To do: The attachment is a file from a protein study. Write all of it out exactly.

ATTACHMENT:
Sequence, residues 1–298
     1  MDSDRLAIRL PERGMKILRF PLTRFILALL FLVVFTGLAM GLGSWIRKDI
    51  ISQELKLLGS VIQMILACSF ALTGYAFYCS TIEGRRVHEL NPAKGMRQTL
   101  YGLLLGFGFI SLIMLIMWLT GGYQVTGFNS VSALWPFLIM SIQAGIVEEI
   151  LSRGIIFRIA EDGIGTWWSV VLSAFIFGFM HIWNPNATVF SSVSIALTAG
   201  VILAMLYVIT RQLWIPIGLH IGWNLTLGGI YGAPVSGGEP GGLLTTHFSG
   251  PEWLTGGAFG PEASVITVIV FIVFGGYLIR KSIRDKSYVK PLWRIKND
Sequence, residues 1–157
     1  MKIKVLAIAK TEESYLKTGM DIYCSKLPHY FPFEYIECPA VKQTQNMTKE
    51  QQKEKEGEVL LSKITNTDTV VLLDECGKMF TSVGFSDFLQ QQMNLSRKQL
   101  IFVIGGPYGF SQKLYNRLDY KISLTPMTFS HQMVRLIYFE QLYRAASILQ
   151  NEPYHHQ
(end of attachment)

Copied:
Sequence, residues 1–298
     1  MDSDRLAIRL PERGMKILRF PLTRFILALL FLVVFTGLAM GLGSWIRKDI
    51  ISQELKLLGS VIQMILACSF ALTGYAFYCS TIEGRRVHEL NPAKGMRQTL
   101  YGLLLGFGFI SLIMLIMWLT GGYQVTGFNS VSALWPFLIM SIQAGIVEEI
   151  LSRGIIFRIA EDGIGTWWSV VLSAFIFGFM HIWNPNATVF SSVSIALTAG
   201  VILAMLYVIT RQLWIPIGLH IGWNLTLGGI YGAPVSGGEP GGLLTTHFSG
   251  PEWLTGGAFG PEASVITVIV FIVFGGYLIR KSIRDKSYVK PLWRIKND
Sequence, residues 1–157
     1  MKIKVLAIAK TEESYLKTGM DIYCSKLPHY FPFEYIECPA VKQTQNMTKE
    51  QQKEKEGEVL LSKITNTDTV VLLDECGKMF TSVGFSDFLQ QQMNLSRKQL
   101  IFVIGGPYGF SQKLYNRLDY KISLTPMTFS HQMVRLIYFE QLYRAASILQ
   151  NEPYHHQ